Stefania Shaffer, Profile


Preface for 9 Realities of Caring for an Elderly Parent

Preface In Part

Dear Gentle Reader,

I imagine you are holding this book today for one of two reasons. Either you have been ignoring that nagging question of what will happen when Mom or Dad can no longer care for themselves. Or you are already at the front of it, or in the middle of it with one or both of your parents. If you have no idea what to expect, this is the book you need now. The guideposts herein will prepare you for what’s ahead. They are the nine realities every adult child should expect when coming home to care for an elderly parent until the very end.

If you are at the front, I am so sorry for the pain you are experiencing now and the pain and fear your beloved parent is experiencing too. I am just so sorry. It is quite unnatural for humans to be made to look on while the person you love, who always fixed things for you as a child, is looking at you now helplessly waiting as his or her life unravels.

This will be a gut-wrenching experience for you. I was in your shoes, but I didn’t know it. I only knew my mom was falling a lot, but she always managed to pick herself up, dust herself off, and keep her sense of humor intact. We were not on speaking terms when I got her phone call asking if I would come for a visit. I hadn’t seen her in several years, but by the time I finished that first weekend at her house, I knew she could no longer be alone and that I would be the one to fulfill her wish that she die in her own home whenever the time came.

My mind began racing with questions: How will I purge a home filled with decades of clutter while preserving childhood memories? How can I make her money last, and where are all of her assets? What is this filing system of hers that keeps mail tucked under beds and stuffed into shoeboxes on shelves? What legal documents are still not in place? Is she simply being forgetful, or are we dealing with the warning signs of something worse? What are her wishes to be carried out after her death? What will make her happiest today?

And much later I would be asking other questions. How can I make her comfortable? How much time do we have? How can I possibly say goodbye?

I wish someone had prepared me for what I experienced in this undertaking. I would have still said yes to the job, but I would have had a better idea of what the job entailed. Nobody says yes to firefighting, or nursing, or the FBI, or the army without asking a few questions upfront about what a typical day at work is like. Yes, it was stressful. Yes, it was also joyful. Yes, it was scary, and hard– absolutely the hardest bullet point I can now list under “work experience” on my resume. Yes, it was my privilege. Yes, I did it because I knew no one else could or would, and because I believed my father would have wanted to know his beloved wife of fifty-four years was not going to have to go it alone.

At the time, I had only the capacity of mind to imagine my mother and I would have fun every day until she would go to sleep one night with a smile on her face and simply not wake up the next morning. I could not conceive of it any other way. She was mobile, and alert, and I had never known her to be sick or hospitalized in my forty years. Within five years of my arrival home, she would die at my side.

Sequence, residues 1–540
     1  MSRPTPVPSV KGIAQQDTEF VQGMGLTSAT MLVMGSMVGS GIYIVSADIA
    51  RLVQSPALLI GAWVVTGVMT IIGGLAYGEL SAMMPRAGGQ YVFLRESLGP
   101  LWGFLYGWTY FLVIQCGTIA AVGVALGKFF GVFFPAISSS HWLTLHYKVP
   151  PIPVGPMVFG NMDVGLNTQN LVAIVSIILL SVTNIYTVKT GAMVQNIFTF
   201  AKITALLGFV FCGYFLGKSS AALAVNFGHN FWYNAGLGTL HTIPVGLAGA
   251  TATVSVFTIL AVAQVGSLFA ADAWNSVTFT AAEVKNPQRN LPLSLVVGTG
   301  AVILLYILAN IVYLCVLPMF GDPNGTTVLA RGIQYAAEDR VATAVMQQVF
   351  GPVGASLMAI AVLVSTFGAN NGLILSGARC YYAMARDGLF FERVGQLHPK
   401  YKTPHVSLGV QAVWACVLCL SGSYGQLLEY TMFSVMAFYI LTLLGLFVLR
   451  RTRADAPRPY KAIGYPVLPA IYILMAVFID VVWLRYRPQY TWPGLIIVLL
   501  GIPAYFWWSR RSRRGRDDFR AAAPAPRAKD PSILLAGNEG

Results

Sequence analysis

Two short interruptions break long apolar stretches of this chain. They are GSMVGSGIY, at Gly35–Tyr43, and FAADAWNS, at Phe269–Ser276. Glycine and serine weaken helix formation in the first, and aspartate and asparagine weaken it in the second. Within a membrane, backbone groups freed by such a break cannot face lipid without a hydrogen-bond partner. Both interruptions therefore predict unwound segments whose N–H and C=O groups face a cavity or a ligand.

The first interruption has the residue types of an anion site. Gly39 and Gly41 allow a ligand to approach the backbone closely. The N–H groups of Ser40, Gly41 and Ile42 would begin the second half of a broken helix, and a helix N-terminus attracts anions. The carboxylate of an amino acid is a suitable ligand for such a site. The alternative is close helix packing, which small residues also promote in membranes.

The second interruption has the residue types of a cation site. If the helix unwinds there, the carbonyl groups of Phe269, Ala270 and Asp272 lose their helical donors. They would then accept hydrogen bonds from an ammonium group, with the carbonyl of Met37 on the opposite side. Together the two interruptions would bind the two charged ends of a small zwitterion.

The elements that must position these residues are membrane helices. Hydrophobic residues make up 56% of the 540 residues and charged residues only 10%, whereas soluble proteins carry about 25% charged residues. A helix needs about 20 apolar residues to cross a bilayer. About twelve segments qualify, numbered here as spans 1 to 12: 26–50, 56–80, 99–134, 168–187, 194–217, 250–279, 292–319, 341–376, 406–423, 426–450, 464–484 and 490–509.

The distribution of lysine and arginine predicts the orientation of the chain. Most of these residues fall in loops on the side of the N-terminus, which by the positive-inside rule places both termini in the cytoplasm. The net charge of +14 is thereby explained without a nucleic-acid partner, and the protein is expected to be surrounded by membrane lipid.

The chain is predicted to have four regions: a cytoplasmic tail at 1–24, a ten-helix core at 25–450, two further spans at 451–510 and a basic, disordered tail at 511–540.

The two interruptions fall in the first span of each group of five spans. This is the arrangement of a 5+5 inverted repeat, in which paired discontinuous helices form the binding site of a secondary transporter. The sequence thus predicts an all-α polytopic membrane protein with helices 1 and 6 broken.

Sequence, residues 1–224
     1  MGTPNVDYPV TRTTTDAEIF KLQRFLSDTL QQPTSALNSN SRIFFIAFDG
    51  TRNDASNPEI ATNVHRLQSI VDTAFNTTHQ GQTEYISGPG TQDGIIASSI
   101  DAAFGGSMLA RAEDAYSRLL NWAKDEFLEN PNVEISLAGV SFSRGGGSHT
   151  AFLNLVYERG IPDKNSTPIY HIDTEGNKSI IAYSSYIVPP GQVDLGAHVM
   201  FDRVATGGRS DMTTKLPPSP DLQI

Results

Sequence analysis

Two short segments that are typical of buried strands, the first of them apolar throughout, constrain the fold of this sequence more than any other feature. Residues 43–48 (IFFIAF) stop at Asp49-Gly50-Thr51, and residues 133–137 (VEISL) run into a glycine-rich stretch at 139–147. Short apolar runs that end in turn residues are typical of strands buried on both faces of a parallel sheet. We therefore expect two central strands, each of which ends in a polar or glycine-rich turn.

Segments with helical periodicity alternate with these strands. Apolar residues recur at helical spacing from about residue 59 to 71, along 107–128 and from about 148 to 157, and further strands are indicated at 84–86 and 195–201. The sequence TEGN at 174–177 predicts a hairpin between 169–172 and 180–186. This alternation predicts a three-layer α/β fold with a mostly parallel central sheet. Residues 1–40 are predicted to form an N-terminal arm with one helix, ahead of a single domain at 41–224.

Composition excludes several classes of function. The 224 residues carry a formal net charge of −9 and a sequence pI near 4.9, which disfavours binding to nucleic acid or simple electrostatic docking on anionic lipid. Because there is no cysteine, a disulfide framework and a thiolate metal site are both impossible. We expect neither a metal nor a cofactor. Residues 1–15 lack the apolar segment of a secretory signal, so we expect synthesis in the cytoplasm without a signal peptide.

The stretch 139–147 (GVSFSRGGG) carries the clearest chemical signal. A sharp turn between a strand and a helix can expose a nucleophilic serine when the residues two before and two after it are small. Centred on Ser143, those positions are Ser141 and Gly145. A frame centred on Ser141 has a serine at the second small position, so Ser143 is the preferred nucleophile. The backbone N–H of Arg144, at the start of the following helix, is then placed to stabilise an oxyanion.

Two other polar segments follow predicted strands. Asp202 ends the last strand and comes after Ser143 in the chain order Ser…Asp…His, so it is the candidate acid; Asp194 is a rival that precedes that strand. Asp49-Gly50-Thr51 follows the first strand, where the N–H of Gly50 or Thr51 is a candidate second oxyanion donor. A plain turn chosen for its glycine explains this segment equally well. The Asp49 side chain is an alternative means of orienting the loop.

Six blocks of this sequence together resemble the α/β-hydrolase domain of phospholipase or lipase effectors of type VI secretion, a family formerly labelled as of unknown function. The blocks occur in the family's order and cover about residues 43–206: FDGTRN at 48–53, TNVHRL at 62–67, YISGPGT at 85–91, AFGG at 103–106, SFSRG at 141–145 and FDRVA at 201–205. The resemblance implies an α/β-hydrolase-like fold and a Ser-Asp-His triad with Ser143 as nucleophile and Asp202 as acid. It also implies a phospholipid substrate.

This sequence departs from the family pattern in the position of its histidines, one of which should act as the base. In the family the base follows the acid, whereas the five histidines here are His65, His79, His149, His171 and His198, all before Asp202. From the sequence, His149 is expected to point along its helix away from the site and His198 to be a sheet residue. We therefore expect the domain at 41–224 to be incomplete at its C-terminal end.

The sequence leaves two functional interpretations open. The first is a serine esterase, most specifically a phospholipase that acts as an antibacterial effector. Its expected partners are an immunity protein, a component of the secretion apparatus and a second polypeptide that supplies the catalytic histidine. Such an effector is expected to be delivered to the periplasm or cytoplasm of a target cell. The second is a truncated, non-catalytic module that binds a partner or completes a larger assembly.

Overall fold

Now that you are ready to go through it and you want a look–a gritty look–at the realities of caring for an elderly parent, this book will help you. Its nine chapters deal with the early topics like how to keep your parent safe in their own home to middle chapters revolving around waiting for death and the important role bowel movements and bedsores will play in the end. The final third of the book deals with the aftermath, including funeral arrangements that are predesigned, and managing as the executor trustee of the estate. Grief counseling for the adult orphan is the last chapter.

Designed to be an indispensable guide for all decision makers in your family, consider sharing this book with them so you will all be on the same page.

A wise man once told me this would be a thankless job. No truer words were spoken.

Email me if you need moral support.

Available now on
Click here to buy the Kindle Version.

3 thoughts on "Preface for 9 Realities of Caring for an Elderly Parent"

Mr. Gray says:

Ms. Shaffer,
9 Realities is an amazing book. It’s filled with love, laughter and very important information that everyone needs to know. So well written, it keeps you wanting more. I hope that everyone picks up a copy and has the chance to enjoy this book but also they need to know what are the important factors in caring for an elderly parent. Great book !
Mr. Gray

I so appreciate your heartfelt comments. There comes a time in every writer’s life when the final project is done and in the hands of the reader, we wait. Thank you for taking the time to share sentiments worth waiting for.

sue says:

Seems like I should post my Amazon review here as well. So here goes…

“There is not only a documented journey in this book, but a wealth of information for those going through the loss of a parent, or for those who need to prepare for such. The writing draws you in and never lets you down. You are right there with the cast of characters all the way through. You will be angry, then laugh or cry, and hopefully garner the patience one needs when dealing with the elderly. A must read for those involved in elder care, for the author’s approach to dealing with her mother is one that everyone should mirror. The journey will leave your heart full, believe me.”

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